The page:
The Importance Of Adult Vaccination
Healthy Aging The debilitating pain of shingles, and why Canadians aren’t being immunized against it.
Canadians in general feel very positively about vaccination, but we aren’t always as well informed as we could be. There is a persistent belief, for example, that vaccination is essentially an issue centred on children. In fact, there are important vaccines for older Canadians that also need our awareness and support. One particularly harmful vaccine-preventable disease that does not get as much attention as it should is herpes zoster (shingles).
The shingles vaccine is recommended for all Canadians over the age of 60. This condition can be extremely debilitating and can result in permanent chronic pain. Due to a confluence of issues, however, most Canadians go unvaccinated. “There is a layering of issues. First, the lack of general awareness of the need to get vaccinated,” explains Susan Eng, Executive Vice President at CARP, a national non-profit that advocates for older Canadians. “The second problem is the lack of funding. For some people on a fixed income, the cost can just be a bridge too far.” Despite the federal recommendation, patients must pay out of pocket (usually $100 to $200) for the shingles vaccine.
“There is a layering of issues. First, the lack of general awareness of the need to get vaccinated... The second problem is the lack of funding.”
The toll of a single preventable case of shingles
Peter Maloney developed the first sign of shingles on January 17, 2015. Two days later he was in the hospital with painful blisters covering the entire left side of his head and affecting his vision. “I couldn’t handle bright light. I had problems even looking at the computer screen,” says Maloney. “During that whole period I was in significant pain. It wouldn’t be unusual for me to be pacing over and over again in my apartment in the middle of the night, unable to sleep because of the pain.”
Maloney, a college instructor, was forced to cancel classes and largely confine himself to his home. “It was tremendously isolating,” he says. And the condition affects so many people — 30 to 40 percent of all Canadians over the age of 60 — that Maloney on more than one occasion encountered doctors and nurses asking if he hadn’t just been in the day before. Another man looking just like Maloney had been in the same hospital that same week with the same presentation of the disease.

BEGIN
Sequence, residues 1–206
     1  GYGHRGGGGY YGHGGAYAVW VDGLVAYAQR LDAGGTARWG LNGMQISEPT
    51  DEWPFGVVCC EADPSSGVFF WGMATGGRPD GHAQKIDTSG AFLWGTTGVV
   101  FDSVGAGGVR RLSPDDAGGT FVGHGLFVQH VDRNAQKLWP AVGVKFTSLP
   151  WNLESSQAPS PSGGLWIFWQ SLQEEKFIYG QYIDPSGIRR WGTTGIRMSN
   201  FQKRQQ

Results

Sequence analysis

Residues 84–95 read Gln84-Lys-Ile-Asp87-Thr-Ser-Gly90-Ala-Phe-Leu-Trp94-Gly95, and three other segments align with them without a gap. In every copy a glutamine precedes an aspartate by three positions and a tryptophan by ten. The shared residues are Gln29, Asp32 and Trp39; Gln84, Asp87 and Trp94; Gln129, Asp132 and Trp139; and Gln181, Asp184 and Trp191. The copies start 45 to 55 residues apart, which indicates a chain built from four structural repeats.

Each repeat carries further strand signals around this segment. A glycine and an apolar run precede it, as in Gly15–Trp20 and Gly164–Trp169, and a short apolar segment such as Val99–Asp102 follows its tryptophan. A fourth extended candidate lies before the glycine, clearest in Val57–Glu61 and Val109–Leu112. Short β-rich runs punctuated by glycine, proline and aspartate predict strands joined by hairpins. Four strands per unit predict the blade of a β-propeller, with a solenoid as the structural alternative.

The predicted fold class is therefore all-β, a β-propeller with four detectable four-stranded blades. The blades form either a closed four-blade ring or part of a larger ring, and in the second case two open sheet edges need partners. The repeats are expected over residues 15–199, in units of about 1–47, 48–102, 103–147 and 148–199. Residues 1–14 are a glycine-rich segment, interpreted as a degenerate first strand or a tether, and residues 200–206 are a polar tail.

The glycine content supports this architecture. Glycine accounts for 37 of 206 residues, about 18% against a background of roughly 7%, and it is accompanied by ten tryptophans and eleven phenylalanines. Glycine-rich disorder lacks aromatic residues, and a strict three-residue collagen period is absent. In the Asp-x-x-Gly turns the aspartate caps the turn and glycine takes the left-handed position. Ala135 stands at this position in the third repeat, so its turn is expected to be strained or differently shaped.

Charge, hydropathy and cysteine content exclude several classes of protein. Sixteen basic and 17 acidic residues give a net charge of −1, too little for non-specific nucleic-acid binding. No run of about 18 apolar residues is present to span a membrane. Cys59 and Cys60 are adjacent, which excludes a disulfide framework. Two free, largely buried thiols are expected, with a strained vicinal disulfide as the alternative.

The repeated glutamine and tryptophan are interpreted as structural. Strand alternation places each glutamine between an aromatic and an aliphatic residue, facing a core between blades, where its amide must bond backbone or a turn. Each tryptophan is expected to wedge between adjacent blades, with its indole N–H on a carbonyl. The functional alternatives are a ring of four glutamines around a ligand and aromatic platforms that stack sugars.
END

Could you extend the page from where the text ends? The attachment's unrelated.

Ten months later, Maloney is back at work, living his life to the fullest, and taking active part in CARP’s advocacy and outreach, but he is still feeling the effects. “I’m still not symptom free,” he says. “But gradually the symptoms are subsiding.” And if Maloney’s symptoms do subside entirely, he will be one of the lucky ones. For many, a single case of shingles can result in lifelong pain from postherpetic neuralgia.
That this could have been prevented by a vaccine that is well-trusted, approved, and even recommended is difficult to accept. “The irony is, about two weeks before the outbreak I was talking to my doctor about the vaccine,” says Maloney. “My father had shingles and I certainly didn’t want it. But I just sort of hesitated. It didn’t seem that important at the time, so I let it go. And that, of course, was a big mistake.”
It’s an easy mistake to make as long as, excepting annual influenza shots, our system continues to do little to encourage adults to pursue immunization. In fact, the flu shot is perhaps the best model for how adult vaccinations should be handled. While the shingles vaccine costs money out of pocket, the flu shot is usually free. While the shingles vaccine requires a prescription, the flu shot does not. And while both vaccines can be administered by pharmacists in much of Canada, Maloney lives in Ontario, where pharmacists are not permitted to administer the shingles vaccine. “It was all the steps involved that made me hesitate,” says Maloney.